Rob Rouse

Rob Rouse

Rob Rouse got his first break in comedy by winning the So You Think You're Funny? new act competition in 1998. As well as stand-up, he also performed as part of the Big And Daft trio with Ian Boldsworth and Jon Williams from 1997 to 2002, taking three shows to the Edinburgh Fringe. In 2002 he took his first solo show to the Fringe.

TV credits include presenting the first series of The Friday Night Project on Channel 4, the C4 sketch show Spoons, and playing Mike in the first series of the BBC3 sitcom Grown Ups.

In 2016, he played Bottom in Ben Elton's Upstart Crow.

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Big And Daft comedy trio reunite

To create new animated series, Rocky Robot

Sketch trio Big And Daft have reunited for the first time in 18 years to create a new family animation series.

Ian Boldsworth, Rob Rouse and Jon Williams performed together from 1997 to 2002, taking three acclaimed shows to the Edinburgh Fringe and landing a weekend show on BBC London Radio.

But they had a falling-out and decided to split up. Rouse became a circuit regular and actor, most recently seen in Upstart Crow; Boldsworth went on to perform under the name Ray Peacock, before reverting to his original name and creating the  The ParaPod podcast and movie; while Williams quit comedy to work in education.

However, they started speaking again last year when Boldsworth put together a retrospective of Big and Daft for his Patreon subscribers, and the trio reunited in person at the premiere of his ParaPod movie at the start of this year.

After the Patreon session Boldwsworth and Williams started working on Rocky Robot, a series about a mechanoid who wants to be a YouTube influencer. ‘ I was already writing Rocky Robot then, and pulled Jon back in as he said he really missed doing creative stuff,’ Boldsworth said. 

‘It was going to be a puppet show with Phil Fletcher, the man behind CBBC’s Hacker the dog, but we’ve had to put that on hold because it’s not safe to have a load of people under a desk together.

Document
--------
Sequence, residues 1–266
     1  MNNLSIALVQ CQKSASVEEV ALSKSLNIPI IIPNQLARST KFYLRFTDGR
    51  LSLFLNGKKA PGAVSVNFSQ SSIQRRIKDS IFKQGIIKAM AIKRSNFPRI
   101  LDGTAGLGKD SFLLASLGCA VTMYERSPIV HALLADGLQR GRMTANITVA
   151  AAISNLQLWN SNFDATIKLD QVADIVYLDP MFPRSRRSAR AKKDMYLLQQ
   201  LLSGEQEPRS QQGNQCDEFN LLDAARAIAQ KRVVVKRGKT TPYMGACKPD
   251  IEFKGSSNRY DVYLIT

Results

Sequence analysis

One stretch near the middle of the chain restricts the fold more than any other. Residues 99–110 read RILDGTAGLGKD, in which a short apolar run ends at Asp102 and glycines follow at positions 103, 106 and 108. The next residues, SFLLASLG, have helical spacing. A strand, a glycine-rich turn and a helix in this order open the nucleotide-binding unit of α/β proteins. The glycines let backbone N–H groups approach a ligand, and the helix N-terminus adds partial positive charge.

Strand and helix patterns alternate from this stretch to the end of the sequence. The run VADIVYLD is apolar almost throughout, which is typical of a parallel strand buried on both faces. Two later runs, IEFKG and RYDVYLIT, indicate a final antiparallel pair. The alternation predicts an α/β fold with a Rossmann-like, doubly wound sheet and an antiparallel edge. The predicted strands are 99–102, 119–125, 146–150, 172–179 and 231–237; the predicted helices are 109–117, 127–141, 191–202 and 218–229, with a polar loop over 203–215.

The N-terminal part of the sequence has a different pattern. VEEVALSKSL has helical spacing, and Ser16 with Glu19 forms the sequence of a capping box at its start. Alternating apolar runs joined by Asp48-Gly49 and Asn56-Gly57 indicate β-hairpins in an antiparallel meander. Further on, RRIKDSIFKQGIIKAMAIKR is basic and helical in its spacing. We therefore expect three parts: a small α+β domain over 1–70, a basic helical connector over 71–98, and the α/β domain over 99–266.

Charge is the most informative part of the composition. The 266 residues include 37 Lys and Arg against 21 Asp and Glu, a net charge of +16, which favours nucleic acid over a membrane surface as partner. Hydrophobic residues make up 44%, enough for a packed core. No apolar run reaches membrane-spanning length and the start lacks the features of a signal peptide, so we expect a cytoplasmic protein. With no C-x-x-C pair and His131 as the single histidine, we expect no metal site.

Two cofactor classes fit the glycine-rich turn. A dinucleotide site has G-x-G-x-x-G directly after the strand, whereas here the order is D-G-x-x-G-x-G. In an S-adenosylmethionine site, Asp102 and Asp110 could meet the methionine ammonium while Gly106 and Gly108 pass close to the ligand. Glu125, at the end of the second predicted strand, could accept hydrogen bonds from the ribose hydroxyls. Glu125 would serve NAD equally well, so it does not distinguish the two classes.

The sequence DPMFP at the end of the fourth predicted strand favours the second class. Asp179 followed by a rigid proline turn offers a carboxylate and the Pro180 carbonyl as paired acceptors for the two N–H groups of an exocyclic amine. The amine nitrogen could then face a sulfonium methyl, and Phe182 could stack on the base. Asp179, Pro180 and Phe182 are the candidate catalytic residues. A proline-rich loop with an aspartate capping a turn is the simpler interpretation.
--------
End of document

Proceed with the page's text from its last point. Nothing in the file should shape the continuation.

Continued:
‘We still want to do the puppet show in time.  Phil designed the original puppets and I’ve adapted them and redrawn them for animation.’

Ten, ten-minute episodes have been written, but not yet animated. However, two teasers clips have been released today.

Williams explained: ‘ Until early 2019, I had only seen Ian once, at the funeral of a mutual friend, since our final radio show on BBC London in September 2002. 

‘Out of the blue he got in touch as he was doing a retrospective of Big and Daft.  We had a chat both on and off the record and after getting a few things off my chest, it felt good to be talking again. 

‘As a result of our rekindled friendship, Ian proposed writing this idea he'd had for a family friendly puppet show  And so we began in late 2019 and continued throughout lockdown.’

When Covid hit they decided to make it into the cartoon, with Boldsworth teaching himself computer animation and doing all the drawings - ‘to be fair he's done an unbelievable job’,  Williams acknowledged. ‘I am genuinely impressed with the animation as he's only had the software two months.’

Rouse and Boldsworth

Rouse, above with Boldsworth, agreed to voice the character of Frank and has provided the music.

‘It feels weird being back together and speaking,’ Williams said. ‘Although I never lost touch with Rob, he's godfather to my eldest daughter. 

‘It will be even weirder when we all get back in a room together to work.  We've still only been in the same place together a handful of times...perhaps it's for the best.’

The trio are planning on making the pilot episode before Christmas.

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Published: 30 Oct 2020

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